Monday marked a series of political visits in the region against the backdrop of the Vienna talks. Syrian Foreign Minister Faisal Mekdad visited Tehran, and Saudi Crown-Prince Mohamed Bin Salman visited Oman on a regional tour.
Oman is the closest Gulf country to Iran, and most communications and mediation efforts with Tehran take place through Muscat.
Turkish President Recep Tayyip Erdogan travelled to Qatar on Tuesday to strengthen bilateral relations and discuss regional affairs, while Saudi Crown-Prince Mohamed Bin Salman also planned to visit Qatar later on Tuesday to discuss bilateral relations, the Iran nuclear talks and regional security.
Sheikh Tahnoon’s brother is Sheikh Mohamed Bin Zayed Al Nahyan, Abu Dhabi’s crown-prince, who also visited Turkey last week. Tahnoon has also held at least one meeting with the head of the Israeli Mossad Intelligence Service.
Ali Bagheri Kani, the Iranian deputy foreign minister leading the Vienna talks, also recently travelled to the UAE for talks.
These regional manoeuvres are preparations for reviving the nuclear agreement, or, in the worst-case scenario, for the failure of the nuclear deal. It is a high-stakes game, and there is a sense that if Raisi’s government exaggerates its demands and makes conditions difficult for the Biden administration to sign a deal, the collapse of the negotiations will be the most likely scenario.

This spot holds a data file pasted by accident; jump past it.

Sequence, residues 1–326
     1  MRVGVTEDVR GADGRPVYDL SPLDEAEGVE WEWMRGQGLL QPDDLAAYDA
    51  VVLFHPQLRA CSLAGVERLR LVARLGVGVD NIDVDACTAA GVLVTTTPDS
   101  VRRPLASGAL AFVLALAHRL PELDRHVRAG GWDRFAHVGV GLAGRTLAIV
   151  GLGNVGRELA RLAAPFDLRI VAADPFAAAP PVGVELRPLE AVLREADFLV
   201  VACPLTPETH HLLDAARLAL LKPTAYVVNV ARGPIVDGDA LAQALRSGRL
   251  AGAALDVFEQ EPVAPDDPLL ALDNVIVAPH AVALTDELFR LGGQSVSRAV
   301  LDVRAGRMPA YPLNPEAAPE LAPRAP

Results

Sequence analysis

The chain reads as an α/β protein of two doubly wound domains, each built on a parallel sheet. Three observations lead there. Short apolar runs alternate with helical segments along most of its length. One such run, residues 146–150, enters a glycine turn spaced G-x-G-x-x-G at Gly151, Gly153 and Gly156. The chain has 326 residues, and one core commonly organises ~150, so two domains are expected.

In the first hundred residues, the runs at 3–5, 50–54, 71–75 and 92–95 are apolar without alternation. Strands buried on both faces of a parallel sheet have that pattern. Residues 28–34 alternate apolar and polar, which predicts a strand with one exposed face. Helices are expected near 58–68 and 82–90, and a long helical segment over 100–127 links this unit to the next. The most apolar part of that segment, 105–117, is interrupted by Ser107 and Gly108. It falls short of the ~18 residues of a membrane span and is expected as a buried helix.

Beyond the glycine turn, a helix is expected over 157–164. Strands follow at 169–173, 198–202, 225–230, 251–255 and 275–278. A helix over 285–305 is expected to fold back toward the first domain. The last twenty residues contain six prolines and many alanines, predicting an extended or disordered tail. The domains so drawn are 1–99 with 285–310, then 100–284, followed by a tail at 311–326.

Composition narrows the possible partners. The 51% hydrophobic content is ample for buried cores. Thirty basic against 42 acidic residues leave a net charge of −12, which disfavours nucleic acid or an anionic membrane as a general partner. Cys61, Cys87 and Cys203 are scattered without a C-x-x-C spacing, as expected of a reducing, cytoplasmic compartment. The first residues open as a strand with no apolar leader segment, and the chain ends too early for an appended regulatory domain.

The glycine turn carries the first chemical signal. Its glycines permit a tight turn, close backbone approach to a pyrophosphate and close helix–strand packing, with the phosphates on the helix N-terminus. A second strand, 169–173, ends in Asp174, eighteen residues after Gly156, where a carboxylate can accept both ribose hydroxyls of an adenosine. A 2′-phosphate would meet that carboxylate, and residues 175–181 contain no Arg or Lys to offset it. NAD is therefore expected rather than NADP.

In this case, Plan B, most likely a military confrontation between Iran and Israel, could lead to unprecedented escalation in the region. The intensity of the regional manoeuvres among the regional powers are being played for high stakes indeed.
*A version of this article appears in print in the 9 December, 2021 edition of Al-Ahram Weekly.